BOOK II can only work on what it finds already provided to hand."^ On the other hand, it is manifestly useless to explain as a jest the relations between Hermes and ApoUon, until we have shown why these particular relations should be invested with a ludicrous character. It is more than strange that Colonel Mure should suppose that he had touched the real point at issue by asserting that in order to accommodate the dispute "on terms honourable to each party" "an elegant expedient suggested itself" in the invention of the lyre by Hermes, and the transference of this instrument, which could not fail to lay Apollon under a heavy debt of gratitude to the donor.^ This leaves altogether out of sight the fact that Phoibos imparted to Hermes such secrets as it was lawful for him to disclose, and in no way explains why Hermes should invent the lyre and Phoibos be possessed of a hidden wisdom. To say that " Hermes in his capacity of god is gifted from the first moment of his existence with divine power and energy," and that " as a member of the Hellenic pantheon he is subjected to the natural drawbacks of humanity, and hence at his birth to those of infancy," is partly to misrepresent the myth and partly to say of him
^ G.diSion&, Homer and the Homeric Age, ii. 9.
- Mure, History of Greek Literature, ii. 340. No wish to disparage the great learning of Colonel Mure or to depreciate his services in the important subject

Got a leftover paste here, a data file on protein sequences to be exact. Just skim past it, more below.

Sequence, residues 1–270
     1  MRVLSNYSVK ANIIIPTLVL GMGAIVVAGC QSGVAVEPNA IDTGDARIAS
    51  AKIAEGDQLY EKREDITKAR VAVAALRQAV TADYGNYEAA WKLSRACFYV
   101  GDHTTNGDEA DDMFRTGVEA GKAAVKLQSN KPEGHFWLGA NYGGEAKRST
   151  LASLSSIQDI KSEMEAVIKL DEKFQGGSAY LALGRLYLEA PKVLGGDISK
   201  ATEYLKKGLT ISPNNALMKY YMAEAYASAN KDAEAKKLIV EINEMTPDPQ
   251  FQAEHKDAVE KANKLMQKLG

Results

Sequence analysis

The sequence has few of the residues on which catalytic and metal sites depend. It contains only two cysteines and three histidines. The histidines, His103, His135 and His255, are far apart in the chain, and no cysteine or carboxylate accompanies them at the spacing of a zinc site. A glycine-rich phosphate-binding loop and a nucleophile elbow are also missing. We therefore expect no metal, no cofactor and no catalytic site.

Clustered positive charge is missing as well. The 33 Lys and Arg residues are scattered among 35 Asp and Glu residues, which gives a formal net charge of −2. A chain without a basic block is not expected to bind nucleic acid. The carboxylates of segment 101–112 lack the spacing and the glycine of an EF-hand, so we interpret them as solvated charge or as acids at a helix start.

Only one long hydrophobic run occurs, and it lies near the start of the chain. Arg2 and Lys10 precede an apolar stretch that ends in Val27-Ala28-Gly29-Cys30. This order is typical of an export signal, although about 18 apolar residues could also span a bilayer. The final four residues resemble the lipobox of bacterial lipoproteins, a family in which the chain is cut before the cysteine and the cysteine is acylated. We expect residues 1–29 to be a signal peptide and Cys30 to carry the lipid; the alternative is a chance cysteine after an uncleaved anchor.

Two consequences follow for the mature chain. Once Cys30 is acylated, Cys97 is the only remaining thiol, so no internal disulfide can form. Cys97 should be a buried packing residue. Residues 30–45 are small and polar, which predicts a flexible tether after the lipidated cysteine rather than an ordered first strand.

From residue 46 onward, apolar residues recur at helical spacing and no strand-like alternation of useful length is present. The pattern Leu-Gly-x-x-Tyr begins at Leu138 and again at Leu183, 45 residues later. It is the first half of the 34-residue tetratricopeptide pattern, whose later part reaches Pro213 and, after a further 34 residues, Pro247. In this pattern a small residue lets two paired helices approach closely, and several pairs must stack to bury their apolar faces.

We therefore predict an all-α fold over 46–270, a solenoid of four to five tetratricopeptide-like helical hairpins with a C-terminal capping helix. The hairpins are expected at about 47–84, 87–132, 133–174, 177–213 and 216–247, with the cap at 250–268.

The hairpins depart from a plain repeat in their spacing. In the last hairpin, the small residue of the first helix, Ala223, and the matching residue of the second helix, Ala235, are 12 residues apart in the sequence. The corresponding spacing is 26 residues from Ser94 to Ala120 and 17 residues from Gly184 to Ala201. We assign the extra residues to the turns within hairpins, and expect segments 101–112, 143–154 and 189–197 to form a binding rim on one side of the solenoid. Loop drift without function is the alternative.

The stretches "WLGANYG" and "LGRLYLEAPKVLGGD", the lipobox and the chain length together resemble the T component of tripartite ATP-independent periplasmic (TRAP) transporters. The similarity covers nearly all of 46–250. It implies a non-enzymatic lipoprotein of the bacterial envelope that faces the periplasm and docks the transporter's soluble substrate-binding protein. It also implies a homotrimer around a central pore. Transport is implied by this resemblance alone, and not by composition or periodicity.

to which he devoted himself must be in- ferred from the expression of a conviction that he was incapable of analysing fairly any mythical narrative, the truth being that he knew nothing of the nature of myths in general. Thus in the present case he seems to have a fixed idea that his work is done when he says that the whole Hymn to Hermes is designed as a burlesque, that the absurdity is intended to lie in the contrast " between the Herculean exploits of the divine urchin and his baby form and habits," and that the supernatural element ef the story "alone gives point and seasoning to an otherwise palpable extravagance." There is not an expression throughout the whole hymn which implies any consciousness of extravagance or bur- lesque or absurdity on the part of the poet, who evidently writes in all possible seriousness. But with Colonel Mure almost all mythical incidents resolve themselves into the mere extravagances of a disordered or ill-regulated fancy. The hundred-headed narcissus, whose fragrance made earth and heaven smile, and which tempted Persephone to leave her companions in the fields of Enna, he is content to put aside as " a mon- strous hyperbole." In point of fact, the poet chose the narcissus because its name denotes the deadly languor and lethargy which comes over the earth in autumn, and which is expressed more fully in the myth of Narkissos, the counterpart of Endymion. (See page 280.) It is not, however, accurate to speak of the "baby habits " of Hermes. His childish ways are confined to the time which he spends in his cradle. As soon as he leaves it, he begins to move with giant strides, and nothing of the child remains about him. Colonel Mure adds that " as the patron deity of cun- ning and intrigue, he is at once qualified to compete with and to surpass even Apollo, hitherto considered as unrivalled in these arts." There is not the slightest ground for thinking that Apollon was at any time connected with the notion of cunning and intrigue, and still less for supposing that he was regarded as the embodiment or ideal of those qualities until the questionable honour was transferred to Hermes. It is, in fact, impossible to determine whether the myth of Phoibos has the priority of time over that of Hermes, and therefore we cannot say how the former was re- garded before the latter furnished the notion of the Master Thief» Crit. Hist. Cr. Lit. ii. 344.